Lisa Zenzen Baker, 1961-2003


Wednesday, January 02, 2013

No news is not good news

The public pays for
the media’s silence 

By David Baker
Posted Wednesday Jan. 2, 2013

It’s been said that news is information that someone doesn’t want published.

If so, there has been a lot of news about the Capital Region medical providers over the past decade.

And the area’s media organizations have been happy to keep it out of sight.

That news is about dozens of lawsuits alleging malpractice and negligence filed against the area’s medical providers over the past 12 years.

Stating in the late 1990s, those providers somehow persuaded local media outlets to abandon their core function of informing the public about matters that affect it, and instead to ignore allegations of serious harm readily available in public documents.

At the same time, those providers began running a coordinated advertising campaign that to this day is sending a steady stream of money to the new outlets, filing the pages of newspapers and the air time of TV and radio stations with messages that present the providers as competent and caring, while they fight every claim of injury even when they know they ar eliable.

This can only be described as a conspiracy; not in the legal sense, but a conspiracy none the less.  A conspiracy that benefits the participants but is against the public good.

Now the providers will say that anyone can make allegations in a lawsuit –which is not true; filing a malpractice suit is much harder than most people realize – and that just because someone says a death or injury was preventable doesn’t mean it was.

But that ignores the fact that many of these claims eventually end with a settlement – sometimes a big one – and that even those cases have been ignored by the media.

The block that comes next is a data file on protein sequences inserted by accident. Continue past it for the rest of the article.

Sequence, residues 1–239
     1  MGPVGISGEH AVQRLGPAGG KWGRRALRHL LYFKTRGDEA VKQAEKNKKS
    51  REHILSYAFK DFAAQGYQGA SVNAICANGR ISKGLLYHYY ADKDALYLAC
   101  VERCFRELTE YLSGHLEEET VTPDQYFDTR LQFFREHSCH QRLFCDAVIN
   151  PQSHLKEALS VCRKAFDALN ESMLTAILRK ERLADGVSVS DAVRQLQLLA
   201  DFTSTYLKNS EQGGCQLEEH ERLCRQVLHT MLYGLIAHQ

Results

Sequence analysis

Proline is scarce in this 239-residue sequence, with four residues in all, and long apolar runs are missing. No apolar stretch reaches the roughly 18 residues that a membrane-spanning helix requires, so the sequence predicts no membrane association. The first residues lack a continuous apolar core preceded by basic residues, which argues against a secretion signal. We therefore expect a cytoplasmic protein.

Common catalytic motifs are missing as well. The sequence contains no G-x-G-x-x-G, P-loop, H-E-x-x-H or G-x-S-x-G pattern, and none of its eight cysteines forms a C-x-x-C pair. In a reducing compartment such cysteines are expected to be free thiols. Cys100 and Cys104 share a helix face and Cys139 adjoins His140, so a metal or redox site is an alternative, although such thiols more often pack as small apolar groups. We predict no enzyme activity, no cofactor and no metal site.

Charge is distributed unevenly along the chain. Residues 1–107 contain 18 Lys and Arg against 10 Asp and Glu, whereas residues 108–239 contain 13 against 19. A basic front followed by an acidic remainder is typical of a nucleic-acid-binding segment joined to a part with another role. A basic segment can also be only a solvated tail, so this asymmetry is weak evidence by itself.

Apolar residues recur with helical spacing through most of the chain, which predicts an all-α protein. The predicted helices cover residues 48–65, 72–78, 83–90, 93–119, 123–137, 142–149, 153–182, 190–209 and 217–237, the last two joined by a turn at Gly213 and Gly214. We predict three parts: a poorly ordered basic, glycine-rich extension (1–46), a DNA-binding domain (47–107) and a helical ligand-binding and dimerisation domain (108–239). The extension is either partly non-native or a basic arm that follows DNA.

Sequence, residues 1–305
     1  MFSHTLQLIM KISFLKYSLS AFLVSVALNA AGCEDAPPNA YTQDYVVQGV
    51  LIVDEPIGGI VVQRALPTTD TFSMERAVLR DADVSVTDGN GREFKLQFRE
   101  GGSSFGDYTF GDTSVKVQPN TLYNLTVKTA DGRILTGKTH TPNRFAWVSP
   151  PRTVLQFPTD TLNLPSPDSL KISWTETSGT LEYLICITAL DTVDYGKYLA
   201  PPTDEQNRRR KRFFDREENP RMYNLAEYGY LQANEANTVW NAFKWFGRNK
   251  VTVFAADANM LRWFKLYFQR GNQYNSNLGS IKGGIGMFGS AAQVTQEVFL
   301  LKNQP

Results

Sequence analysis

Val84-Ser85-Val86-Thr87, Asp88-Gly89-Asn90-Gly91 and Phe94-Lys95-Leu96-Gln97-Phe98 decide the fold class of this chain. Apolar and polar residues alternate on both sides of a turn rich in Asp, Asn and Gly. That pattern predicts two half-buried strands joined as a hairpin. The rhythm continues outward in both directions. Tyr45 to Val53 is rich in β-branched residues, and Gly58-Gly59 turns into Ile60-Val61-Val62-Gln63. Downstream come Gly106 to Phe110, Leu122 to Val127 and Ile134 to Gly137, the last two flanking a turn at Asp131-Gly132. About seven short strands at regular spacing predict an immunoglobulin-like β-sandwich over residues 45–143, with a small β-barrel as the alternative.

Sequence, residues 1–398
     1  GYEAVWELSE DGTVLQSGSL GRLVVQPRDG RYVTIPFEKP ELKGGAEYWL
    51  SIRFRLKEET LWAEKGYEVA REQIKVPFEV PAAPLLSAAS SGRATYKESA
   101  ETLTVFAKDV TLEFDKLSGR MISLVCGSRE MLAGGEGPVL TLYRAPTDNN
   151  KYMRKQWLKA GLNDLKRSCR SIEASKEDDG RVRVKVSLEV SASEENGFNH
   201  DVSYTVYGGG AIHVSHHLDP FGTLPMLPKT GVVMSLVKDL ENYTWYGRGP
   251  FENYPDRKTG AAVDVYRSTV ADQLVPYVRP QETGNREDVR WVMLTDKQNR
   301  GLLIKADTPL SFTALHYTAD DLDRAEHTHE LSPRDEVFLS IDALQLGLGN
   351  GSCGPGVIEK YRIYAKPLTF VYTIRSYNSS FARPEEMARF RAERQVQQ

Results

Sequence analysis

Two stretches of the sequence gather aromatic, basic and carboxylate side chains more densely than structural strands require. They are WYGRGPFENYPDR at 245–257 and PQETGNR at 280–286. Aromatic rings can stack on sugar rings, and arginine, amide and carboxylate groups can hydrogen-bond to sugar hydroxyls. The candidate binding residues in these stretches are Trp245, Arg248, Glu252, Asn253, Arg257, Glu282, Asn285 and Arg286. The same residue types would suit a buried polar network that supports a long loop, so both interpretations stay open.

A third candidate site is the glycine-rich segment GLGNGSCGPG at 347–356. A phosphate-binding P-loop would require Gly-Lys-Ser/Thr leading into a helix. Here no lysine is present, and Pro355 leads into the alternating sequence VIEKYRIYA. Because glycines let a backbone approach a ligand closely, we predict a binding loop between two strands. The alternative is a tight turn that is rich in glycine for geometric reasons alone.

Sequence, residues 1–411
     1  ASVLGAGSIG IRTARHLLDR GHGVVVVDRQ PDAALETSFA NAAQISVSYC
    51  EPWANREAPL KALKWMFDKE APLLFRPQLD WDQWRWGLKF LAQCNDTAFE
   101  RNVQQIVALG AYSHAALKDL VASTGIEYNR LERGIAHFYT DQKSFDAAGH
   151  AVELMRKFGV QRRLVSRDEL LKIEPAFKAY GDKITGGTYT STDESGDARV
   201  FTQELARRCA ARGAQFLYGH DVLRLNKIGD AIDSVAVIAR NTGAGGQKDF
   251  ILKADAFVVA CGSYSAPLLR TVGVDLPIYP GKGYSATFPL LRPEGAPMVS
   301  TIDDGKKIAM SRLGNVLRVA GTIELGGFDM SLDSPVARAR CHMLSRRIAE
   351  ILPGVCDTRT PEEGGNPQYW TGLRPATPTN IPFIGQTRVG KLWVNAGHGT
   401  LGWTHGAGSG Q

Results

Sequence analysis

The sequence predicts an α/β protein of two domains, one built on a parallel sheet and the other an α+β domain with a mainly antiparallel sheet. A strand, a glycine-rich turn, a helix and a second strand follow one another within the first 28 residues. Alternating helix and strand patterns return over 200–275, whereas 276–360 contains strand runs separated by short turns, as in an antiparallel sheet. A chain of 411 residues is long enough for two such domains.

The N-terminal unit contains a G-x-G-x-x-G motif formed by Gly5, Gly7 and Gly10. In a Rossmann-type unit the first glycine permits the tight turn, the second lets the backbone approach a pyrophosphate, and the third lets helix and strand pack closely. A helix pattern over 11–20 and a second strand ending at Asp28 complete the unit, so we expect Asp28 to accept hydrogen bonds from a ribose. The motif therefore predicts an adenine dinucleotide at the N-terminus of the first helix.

Meanwhile, reporting at least some of these lawsuits would benefit the public, as I explained last year in a detailed letter to the publishers of the area’s largest newspaper, the Albany Times Union.

First, it would motivate the providers to reduce errors and acknowledge harm when it occurred, because that would be the only way to stop the damaging stories in the media.

As long as the lawsuits are invisible, the providers can aggressively fight every claim without any bad publicity. This imposes a hidden tax, because the lawyers’ fees and expenses and the much bigger payouts needed to settle a case that has been fought right up to a trial are ultimately all paid by the public.

Second, it would spare injured patients and  bereaved family members the anguish of a legal battle, and perhaps worse, being denied an explanation for an unexpected death or injury.

But that is not going to happen as long as the area’s media organizations and medical providers continue their conspiracy of silence, ignoring their duty to the public in favor of  providers whose focus on image rather than patient safety puts everyone at risk.

Meanwhile, people can only wonder how many other doctors have hospital privileges when, like Akiva Abraham, a required check would reveal that he or she is unfit to practice, and how many other stories of public interest are being ignored by newspaper editors who are more concerned with keeping advertising revenue flowing in than fulfilling their responsibility to inform.